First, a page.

2 Minutes: “Crash-free” doesn’t mean “works”

So you have 100% crash-free users. Does it mean your app works? Well, not all the time.

Check this out:

private void PotentialyFailingFunction(Object arg) {
if (arg == null) {
return;
}

//some logic here
//arg.toString(), arg.getClass()
}

Is the author cool? Not exactly. While he avoids NPE in this particular place (CRASHFREE!!!) his code is now in an unclear state. A wrapping code have called PotentialyFailingFunction() because a wrapping code expected this function to do something. But it just returns as soon as it sees null.

You can make it clearer using @NonNull:

private void PotentialyFailingFunction(@NonNull Object arg) {
if (arg == null) {
return;
}

//some logic here
//arg.toString(), arg.getClass()
}

We say “no nulls here please”. Problem is it’s not a runtime check, it’s still possible to crash if someone ignores Lint and sends null here, or null is run-time-generated. So we check it for null just in case, and the problem is still here — our app is not crashing but it’s also not working as well. And you do not know about it because reporting system says we are 100% crash-free.

It will not be crash-free in the real world — having this unclear state will generate the problem that will not be obviously connected to the original place most probably. It will crash 5 minutes later in a different module for a different reason. Now you have a nice debug.

Yeah, now you think about logging some data on a release build to see the state a minute before… Meh. Don’t log on a release. Don’t kill kittens.

Let it crash.

Let it crash in a graceful way. Let it give you all the information you might need to debug the app. You’ve already made it to the point where’s no turning back, no “ok, let’s try it a different way”, no second chance — app is diyng and you only can choose between simply dying and dying with all required information on hands.

  • Use your custom Exceptions or at least add custom descriptions — your logic is not only in your happy path, it’s in your Death Path as well.
  • Do not check for states you don’t know how to handle. If you do not have a clear idea of what to do next if x is null — do not check. It either should not be null at all (the best option) or you’re not familiar with your logic. Either way just checking for null is not a way to handle NPEs.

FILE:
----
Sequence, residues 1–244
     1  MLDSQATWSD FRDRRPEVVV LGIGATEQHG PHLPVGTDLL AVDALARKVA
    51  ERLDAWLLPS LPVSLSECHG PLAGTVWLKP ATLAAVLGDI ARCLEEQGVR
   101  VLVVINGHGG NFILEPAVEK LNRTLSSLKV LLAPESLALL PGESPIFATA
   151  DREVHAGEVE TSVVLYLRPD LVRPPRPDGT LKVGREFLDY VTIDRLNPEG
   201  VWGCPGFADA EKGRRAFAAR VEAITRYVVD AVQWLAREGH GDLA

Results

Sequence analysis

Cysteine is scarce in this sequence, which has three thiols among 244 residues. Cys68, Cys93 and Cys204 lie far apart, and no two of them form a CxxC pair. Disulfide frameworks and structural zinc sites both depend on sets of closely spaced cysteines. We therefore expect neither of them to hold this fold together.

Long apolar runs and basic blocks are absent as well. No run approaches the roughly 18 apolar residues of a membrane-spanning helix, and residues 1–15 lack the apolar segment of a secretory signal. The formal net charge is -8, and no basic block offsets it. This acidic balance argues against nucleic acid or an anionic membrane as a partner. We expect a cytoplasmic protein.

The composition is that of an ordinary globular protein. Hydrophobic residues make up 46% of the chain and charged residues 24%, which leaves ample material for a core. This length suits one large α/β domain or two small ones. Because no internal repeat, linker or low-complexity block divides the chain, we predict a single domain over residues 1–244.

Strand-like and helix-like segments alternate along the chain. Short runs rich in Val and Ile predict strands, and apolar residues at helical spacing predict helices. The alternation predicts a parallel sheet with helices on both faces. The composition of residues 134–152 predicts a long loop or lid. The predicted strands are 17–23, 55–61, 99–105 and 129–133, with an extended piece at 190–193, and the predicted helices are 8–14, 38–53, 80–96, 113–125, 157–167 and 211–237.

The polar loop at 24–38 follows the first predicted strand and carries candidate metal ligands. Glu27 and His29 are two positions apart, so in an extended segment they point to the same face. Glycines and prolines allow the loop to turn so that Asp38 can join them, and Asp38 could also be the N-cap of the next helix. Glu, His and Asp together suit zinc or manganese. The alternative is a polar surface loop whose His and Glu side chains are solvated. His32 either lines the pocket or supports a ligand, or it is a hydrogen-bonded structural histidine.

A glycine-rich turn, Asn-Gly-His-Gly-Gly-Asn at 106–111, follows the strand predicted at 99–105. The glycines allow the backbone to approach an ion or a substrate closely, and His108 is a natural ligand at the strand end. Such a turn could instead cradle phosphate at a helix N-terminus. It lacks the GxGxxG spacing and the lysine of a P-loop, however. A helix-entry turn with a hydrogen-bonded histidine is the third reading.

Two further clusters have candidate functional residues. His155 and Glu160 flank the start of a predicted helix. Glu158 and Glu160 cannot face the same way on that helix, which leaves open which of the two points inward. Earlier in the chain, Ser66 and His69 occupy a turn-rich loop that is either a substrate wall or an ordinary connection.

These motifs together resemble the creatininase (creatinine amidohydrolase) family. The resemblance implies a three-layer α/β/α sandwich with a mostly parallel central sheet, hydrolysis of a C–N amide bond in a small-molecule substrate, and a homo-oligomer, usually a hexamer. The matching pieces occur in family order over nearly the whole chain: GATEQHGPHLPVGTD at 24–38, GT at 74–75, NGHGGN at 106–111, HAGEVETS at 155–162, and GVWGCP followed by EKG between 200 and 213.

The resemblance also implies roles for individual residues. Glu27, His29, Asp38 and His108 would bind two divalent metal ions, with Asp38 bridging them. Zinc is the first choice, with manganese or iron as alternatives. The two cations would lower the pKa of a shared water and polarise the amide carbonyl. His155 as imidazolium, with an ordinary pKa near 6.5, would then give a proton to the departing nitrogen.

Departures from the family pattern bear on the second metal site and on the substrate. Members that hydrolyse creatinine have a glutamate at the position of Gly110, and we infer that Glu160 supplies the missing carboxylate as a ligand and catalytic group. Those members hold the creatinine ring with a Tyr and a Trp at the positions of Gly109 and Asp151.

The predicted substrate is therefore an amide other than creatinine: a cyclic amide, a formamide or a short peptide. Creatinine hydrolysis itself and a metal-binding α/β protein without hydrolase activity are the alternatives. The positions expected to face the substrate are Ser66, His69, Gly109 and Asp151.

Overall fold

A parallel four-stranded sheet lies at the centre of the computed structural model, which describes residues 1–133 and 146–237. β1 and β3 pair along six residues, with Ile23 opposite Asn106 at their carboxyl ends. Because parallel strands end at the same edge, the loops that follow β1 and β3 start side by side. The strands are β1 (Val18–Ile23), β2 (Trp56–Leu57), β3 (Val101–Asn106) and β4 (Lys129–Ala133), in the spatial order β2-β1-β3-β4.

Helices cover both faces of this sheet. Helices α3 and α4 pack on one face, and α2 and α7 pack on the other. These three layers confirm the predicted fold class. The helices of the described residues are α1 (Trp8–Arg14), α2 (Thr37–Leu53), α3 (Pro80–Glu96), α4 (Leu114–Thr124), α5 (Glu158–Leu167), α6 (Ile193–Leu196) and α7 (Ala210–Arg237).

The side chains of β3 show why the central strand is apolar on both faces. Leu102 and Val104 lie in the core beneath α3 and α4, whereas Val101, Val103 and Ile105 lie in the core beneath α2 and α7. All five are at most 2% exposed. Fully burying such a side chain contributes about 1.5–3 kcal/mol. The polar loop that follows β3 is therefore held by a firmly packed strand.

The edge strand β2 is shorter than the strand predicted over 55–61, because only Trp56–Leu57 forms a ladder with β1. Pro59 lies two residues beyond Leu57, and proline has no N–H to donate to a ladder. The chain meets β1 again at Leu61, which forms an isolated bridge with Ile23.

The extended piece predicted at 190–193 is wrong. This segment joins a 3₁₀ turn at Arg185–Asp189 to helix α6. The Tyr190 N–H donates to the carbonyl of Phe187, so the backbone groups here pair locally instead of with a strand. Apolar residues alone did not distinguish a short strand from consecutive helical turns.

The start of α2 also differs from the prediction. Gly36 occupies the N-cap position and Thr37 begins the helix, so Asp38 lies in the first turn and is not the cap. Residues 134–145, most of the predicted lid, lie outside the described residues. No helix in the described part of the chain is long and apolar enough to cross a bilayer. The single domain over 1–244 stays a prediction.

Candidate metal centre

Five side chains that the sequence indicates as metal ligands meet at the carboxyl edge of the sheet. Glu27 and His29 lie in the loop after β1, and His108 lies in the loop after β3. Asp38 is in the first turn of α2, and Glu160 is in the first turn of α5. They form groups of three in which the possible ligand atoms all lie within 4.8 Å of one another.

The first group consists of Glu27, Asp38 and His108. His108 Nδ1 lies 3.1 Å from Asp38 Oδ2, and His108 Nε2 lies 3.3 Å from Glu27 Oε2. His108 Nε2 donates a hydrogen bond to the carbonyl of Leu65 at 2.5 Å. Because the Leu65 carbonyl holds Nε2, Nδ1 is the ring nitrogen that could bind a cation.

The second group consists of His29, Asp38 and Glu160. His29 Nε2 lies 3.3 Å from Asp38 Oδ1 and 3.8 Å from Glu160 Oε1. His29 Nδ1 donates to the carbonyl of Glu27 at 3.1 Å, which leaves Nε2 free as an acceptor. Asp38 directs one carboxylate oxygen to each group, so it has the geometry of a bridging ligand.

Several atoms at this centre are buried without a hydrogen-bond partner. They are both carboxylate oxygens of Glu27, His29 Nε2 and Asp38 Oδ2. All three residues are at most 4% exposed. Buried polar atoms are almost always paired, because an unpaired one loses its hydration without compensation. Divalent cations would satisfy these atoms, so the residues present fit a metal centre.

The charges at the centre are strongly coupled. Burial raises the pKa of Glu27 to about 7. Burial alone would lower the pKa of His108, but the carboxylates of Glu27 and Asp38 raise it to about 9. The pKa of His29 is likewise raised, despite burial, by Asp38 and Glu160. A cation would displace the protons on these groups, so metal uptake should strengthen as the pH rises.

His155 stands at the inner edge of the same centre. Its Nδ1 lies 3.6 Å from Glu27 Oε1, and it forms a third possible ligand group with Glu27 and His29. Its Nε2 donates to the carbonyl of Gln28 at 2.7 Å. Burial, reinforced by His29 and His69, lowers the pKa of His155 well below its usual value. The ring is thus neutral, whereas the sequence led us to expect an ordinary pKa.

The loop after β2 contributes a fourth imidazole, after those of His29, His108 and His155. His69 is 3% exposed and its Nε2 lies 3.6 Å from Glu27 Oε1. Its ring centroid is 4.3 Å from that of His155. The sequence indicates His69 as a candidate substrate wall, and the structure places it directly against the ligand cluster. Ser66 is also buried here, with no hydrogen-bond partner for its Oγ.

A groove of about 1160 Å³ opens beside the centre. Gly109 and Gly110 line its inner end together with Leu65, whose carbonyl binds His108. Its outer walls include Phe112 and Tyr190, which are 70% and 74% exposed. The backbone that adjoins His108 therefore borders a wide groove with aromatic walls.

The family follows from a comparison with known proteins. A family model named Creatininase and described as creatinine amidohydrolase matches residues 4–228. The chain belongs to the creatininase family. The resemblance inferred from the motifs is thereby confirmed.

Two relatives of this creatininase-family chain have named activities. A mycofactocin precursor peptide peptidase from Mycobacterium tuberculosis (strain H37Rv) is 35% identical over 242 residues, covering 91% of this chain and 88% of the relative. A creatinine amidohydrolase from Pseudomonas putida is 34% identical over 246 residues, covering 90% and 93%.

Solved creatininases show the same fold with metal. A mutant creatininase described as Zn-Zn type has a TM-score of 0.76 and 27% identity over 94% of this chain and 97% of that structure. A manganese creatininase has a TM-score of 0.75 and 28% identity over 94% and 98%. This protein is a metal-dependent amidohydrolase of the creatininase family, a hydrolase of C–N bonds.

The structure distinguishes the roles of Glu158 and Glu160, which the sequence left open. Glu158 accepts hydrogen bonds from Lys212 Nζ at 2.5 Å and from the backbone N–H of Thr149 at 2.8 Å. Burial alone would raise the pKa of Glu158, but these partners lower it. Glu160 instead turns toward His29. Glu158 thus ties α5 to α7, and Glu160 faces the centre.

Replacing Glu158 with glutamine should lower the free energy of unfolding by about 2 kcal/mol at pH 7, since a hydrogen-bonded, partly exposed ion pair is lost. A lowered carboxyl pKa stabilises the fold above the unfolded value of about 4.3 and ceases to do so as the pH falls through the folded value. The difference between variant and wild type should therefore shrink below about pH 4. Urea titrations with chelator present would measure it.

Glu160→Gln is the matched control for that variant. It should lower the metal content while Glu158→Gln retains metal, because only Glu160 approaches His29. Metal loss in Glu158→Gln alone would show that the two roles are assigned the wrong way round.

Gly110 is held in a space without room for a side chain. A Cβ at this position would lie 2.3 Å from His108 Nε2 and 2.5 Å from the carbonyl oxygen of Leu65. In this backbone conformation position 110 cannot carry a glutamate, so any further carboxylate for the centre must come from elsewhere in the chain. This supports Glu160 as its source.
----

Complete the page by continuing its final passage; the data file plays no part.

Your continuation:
• Keep multithreading in mind. Check the log — here one of almost 200 Observables is backpressured. Since no onError()’s were ever implemented… Well, it comes from Zygote, it goes up till it crashes the app and it doesn’t touch your code. Now you will need to implement error checks anyway. Always implement onError() in Rx! At least have some kind of a default error reporter to call if you do not know how to handle it — this way you will have the information.
Fatal Exception: java.lang.IllegalStateException: Exception thrown on Scheduler.Worker thread. Add `onError` handling.
 at rx.android.schedulers.LooperScheduler$ScheduledAction.run(LooperScheduler.java:112)

Caused by rx.exceptions.OnErrorNotImplementedException
 at rx.internal.util.InternalObservableUtils$ErrorNotImplementedAction.call(InternalObservableUtils.java:386)
 at rx.internal.util.InternalObservableUtils$ErrorNotImplementedAction.call(InternalObservableUtils.java:383)
 at rx.internal.util.ActionSubscriber.onError(ActionSubscriber.java:44)
 at rx.observers.SafeSubscriber._onError(SafeSubscriber.java:153)
 at rx.observers.SafeSubscriber.onError(SafeSubscriber.java:115)
 at rx.internal.operators.OperatorObserveOn$ObserveOnSubscriber.checkTerminated(OperatorObserveOn.java:273)
 at rx.internal.operators.OperatorObserveOn$ObserveOnSubscriber.call(OperatorObserveOn.java:216)
 at rx.android.schedulers.LooperScheduler$ScheduledAction.run(LooperScheduler.java:107)
 at android.os.Handler.handleCallback(Handler.java:605)
 at android.os.Handler.dispatchMessage(Handler.java:92)
 at android.os.Looper.loop(Looper.java:137)
 at android.app.ActivityThread.main(ActivityThread.java:4479)
 at java.lang.reflect.Method.invokeNative(Method.java)
 at java.lang.reflect.Method.invoke(Method.java:511)
 at com.android.internal.os.ZygoteInit$MethodAndArgsCaller.run(ZygoteInit.java:825)
 at com.android.internal.os.ZygoteInit.main(ZygoteInit.java:592)
 at dalvik.system.NativeStart.main(NativeStart.java)
Caused by rx.exceptions.MissingBackpressureException
 at rx.internal.operators.OperatorObserveOn$ObserveOnSubscriber.onNext(OperatorObserveOn.java:160)…
  • Every check you make is a logic. If you check something here, the next person might think you knew what you do while you didn’t. Code is not that clear now.
  • After all, think about your user. App have crashed — and he knows that there is a problem and “maybe if I do not press that button I can resolve my issue?”. App is behaving strange, ANRing, showing empty screens — and he’s not sure what’s happening, he’s frustrated, he do not know what to do next.

It’s not a goal to not crash. It’s a goal to make every crash as useful as possible.


2 Minutes are less-then-one-cigarette, while-brewing-coffee articles about different questions in Android. You can read other ones using tag 2 Minutes. I’m always happy to hear a feedback from you on how to make this thing better and what you’d like to read about.

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